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RTL8201 Ethernet PHY chip

PHY is an abbreviation for the physical layer of the OSI model and refers to the circuitry required to implement physical layer functions.

A PHY connects a link layer device (often called MAC as an acronym for medium access control) to a physical medium such as an optical fiber or copper cable. A PHY device typically includes both Physical Coding Sublayer (PCS) and Physical Medium Dependent (PMD) layer functionality.[1]

Example usesEdit

Ethernet physical transceiverEdit

Micrel KS8721CL - 3.3V Single Power Supply 10/100BASE-TX/FX MII Physical Layer Transceiver

The Ethernet PHY is a component that operates at the physical layer of the OSI network model. It implements the Ethernet physical layer portion of the 1000BASE-T, 100BASE-TX, and 10BASE-T standards.

More specifically, the Ethernet PHY is a chip that implements the hardware send and receive function of Ethernet frames; it interfaces between the analog domain of Ethernet's line modulation and the digital domain of link-layer packet signaling.[2] The PHY usually does not handle MAC addressing, as that is the link layer's job. Similarly, Wake-on-LAN and Boot ROM functionality is implemented in the network interface card (NIC), which may have PHY, MAC, and other functionality integrated into one chip or as separate chips.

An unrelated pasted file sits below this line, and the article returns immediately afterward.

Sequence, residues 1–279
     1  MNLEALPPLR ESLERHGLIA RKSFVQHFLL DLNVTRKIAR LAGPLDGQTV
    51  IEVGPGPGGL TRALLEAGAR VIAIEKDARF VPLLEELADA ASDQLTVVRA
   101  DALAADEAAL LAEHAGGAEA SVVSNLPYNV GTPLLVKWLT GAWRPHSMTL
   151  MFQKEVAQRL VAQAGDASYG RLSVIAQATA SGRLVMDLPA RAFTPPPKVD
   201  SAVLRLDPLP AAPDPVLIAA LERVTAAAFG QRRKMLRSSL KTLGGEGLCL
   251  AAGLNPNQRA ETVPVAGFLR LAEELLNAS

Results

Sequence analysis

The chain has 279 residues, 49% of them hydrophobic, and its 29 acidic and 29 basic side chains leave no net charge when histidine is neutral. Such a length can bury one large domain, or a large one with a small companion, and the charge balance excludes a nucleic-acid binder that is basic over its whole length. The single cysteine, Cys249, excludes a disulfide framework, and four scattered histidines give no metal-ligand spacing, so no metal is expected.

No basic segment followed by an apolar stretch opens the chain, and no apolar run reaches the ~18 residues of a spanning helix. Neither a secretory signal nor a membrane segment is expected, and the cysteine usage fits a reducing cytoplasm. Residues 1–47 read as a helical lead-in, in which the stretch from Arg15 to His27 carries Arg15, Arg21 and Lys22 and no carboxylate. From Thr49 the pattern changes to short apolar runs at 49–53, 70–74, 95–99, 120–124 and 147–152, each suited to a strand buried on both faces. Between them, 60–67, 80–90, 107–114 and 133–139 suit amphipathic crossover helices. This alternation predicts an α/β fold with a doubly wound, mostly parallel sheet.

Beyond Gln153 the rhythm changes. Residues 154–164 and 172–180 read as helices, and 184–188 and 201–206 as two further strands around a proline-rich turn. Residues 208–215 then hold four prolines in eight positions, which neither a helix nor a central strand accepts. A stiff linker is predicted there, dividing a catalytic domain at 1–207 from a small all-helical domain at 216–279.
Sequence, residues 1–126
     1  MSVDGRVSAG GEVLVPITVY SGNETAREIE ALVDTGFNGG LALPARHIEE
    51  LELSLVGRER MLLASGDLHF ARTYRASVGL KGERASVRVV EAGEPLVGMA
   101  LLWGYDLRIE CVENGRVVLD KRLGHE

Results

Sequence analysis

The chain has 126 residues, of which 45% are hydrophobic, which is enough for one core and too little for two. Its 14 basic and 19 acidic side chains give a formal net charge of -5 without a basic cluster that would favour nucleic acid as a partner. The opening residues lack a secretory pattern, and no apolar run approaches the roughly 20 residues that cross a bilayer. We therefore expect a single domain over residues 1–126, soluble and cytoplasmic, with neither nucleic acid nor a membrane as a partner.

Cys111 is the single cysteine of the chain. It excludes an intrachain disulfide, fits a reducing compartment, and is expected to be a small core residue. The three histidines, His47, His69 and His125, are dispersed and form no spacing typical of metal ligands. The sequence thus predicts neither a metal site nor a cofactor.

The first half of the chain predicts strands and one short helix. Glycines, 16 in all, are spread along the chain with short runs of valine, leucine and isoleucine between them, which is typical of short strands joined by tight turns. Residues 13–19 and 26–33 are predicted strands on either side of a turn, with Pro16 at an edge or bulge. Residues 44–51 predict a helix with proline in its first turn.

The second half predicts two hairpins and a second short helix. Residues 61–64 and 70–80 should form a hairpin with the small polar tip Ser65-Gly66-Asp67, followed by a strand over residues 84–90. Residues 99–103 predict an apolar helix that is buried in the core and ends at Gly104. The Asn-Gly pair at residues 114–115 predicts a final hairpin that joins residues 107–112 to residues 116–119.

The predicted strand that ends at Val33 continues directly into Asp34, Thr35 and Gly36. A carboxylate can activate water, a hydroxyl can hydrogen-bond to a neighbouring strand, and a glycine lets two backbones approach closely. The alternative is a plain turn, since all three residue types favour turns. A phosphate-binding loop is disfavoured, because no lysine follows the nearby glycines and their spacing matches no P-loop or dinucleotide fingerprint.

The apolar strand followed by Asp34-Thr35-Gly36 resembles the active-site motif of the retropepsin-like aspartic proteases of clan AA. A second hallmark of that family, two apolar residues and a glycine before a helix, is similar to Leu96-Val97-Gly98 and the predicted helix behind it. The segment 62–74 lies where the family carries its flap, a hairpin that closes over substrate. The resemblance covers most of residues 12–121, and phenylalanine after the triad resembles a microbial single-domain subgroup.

Examples include the Microsemi SimpliPHY and SynchroPHY VSC82xx/84xx/85xx/86xx family, Marvell Alaska 88E1310/88E1310S/88E1318/88E1318S Gigabit Ethernet transceivers and offerings from Intel[3] and ICS.[4]


  1. ^ Mauricio Arregoces; Maurizio Portolani. "Data Center Fundamentals". Retrieved 2015-11-18.
  2. ^ "microcontroller - what is the difference between PHY and MAC chip - Electrical Engineering Stack Exchange". 2013-07-11. Retrieved 2015-11-18.
  3. ^ Intel PHY controllers brochure
  4. ^ - ICS1890 10Base-T/100Base-TX Integrated PHYceiver datasheet